BMP signaling is required for the generation of primordial germ cells in an insect
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CitationDonoughe, S., T. Nakamura, B. Ewen-Campen, D. A. Green, L. Henderson, and C. G. Extavour. 2014. “BMP Signaling Is Required for the Generation of Primordial Germ Cells in an Insect.” Proceedings of the National Academy of Sciences 111 (11) (March 3): 4133–4138. doi:10.1073/pnas.1400525111.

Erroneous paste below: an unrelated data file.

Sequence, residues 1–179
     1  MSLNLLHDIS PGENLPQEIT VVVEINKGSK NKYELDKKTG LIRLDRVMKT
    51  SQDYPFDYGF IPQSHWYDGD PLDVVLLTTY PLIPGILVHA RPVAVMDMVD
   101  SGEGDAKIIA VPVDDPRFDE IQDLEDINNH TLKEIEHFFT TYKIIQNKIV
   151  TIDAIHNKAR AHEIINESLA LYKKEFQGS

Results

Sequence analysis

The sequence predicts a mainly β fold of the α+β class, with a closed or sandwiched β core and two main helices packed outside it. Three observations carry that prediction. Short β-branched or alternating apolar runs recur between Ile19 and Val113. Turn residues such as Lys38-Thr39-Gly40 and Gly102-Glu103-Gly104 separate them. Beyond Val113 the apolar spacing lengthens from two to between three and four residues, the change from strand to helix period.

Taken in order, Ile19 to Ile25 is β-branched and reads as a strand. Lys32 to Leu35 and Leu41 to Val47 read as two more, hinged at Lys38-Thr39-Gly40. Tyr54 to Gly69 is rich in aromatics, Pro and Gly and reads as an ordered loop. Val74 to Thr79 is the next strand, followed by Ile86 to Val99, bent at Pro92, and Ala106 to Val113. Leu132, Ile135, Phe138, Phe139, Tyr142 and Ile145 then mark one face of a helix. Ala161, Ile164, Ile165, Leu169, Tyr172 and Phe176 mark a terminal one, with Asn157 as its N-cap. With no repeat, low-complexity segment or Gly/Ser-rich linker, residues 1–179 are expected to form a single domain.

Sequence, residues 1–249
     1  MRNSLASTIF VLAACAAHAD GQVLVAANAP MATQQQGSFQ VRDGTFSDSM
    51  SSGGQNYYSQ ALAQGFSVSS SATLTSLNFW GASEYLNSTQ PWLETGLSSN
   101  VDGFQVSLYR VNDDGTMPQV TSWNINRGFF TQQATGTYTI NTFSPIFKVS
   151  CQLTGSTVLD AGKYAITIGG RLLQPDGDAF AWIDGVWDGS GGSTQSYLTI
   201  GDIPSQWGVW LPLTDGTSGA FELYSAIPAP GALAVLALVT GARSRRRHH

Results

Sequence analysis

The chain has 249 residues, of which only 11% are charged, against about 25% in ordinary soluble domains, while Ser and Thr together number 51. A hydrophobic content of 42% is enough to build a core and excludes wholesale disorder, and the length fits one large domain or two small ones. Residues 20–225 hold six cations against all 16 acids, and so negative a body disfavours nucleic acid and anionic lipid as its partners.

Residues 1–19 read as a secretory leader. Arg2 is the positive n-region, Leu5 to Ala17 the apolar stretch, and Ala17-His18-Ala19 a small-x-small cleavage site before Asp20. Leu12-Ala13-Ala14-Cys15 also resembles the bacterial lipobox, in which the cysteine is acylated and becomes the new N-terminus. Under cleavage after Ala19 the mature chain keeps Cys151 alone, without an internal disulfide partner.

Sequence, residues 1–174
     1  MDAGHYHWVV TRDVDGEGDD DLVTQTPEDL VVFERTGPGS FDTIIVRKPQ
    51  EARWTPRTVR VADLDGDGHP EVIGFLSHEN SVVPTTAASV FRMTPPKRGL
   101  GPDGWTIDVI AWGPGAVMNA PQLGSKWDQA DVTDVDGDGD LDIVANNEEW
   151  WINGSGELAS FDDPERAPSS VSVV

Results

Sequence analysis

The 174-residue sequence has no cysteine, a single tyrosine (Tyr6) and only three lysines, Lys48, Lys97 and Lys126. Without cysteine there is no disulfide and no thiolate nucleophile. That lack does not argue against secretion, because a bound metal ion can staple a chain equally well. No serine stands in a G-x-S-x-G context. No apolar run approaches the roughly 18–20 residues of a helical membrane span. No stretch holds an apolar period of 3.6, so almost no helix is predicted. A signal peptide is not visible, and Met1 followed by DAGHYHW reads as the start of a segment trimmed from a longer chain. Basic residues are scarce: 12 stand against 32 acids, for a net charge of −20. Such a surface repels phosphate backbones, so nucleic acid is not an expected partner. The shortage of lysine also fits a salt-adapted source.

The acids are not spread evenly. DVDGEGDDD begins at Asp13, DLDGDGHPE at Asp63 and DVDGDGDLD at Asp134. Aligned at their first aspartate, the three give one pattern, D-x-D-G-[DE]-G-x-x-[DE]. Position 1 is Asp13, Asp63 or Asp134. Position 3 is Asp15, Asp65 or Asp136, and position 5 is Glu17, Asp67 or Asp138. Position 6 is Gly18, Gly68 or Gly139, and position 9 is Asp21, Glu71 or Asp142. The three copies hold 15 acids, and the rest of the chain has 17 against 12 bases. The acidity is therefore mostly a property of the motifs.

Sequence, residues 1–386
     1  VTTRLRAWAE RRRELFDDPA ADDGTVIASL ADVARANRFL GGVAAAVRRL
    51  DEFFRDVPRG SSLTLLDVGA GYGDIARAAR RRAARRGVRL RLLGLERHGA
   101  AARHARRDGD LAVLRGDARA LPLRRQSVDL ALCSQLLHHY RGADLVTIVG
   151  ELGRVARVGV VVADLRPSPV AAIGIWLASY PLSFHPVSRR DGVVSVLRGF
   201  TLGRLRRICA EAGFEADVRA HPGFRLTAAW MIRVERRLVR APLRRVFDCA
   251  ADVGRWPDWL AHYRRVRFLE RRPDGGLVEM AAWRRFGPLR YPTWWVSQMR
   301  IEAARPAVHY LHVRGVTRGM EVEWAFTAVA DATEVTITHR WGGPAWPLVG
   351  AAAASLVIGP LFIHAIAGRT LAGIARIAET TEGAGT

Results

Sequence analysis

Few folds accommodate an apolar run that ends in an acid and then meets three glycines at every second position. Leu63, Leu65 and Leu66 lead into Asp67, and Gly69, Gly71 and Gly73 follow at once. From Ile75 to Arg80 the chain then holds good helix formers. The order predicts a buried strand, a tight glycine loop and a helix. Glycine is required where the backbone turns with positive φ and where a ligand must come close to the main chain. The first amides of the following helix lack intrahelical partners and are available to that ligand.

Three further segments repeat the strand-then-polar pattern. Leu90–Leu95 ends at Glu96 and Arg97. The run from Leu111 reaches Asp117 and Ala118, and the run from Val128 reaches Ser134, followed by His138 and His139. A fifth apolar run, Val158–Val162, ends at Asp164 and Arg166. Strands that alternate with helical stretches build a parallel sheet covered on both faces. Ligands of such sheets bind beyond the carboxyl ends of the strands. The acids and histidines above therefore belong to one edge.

AbstractMany model organisms specify germ cells using maternally supplied germ-line determinants. In contrast, mice rely on embryonic cell–cell signaling to induce cells to become germ cells. Molecular evidence for inductive germ-line specification had previously been provided only for the mouse. Here we provide functional evidence for inductive germ cell specification in an invertebrate, by showing that bone morphogenetic protein (BMP) signaling, which induces mouse germ cell specification, is required for establishment of embryonic germ cells in a cricket. BMP pathway knockdown causes reduction or loss of germ cells, and elevated levels of BMP signaling cause supernumerary and ectopic germ cells. BMP-based germ cell induction in mice and crickets suggests that this may be a shared ancestral mechanism in animals.
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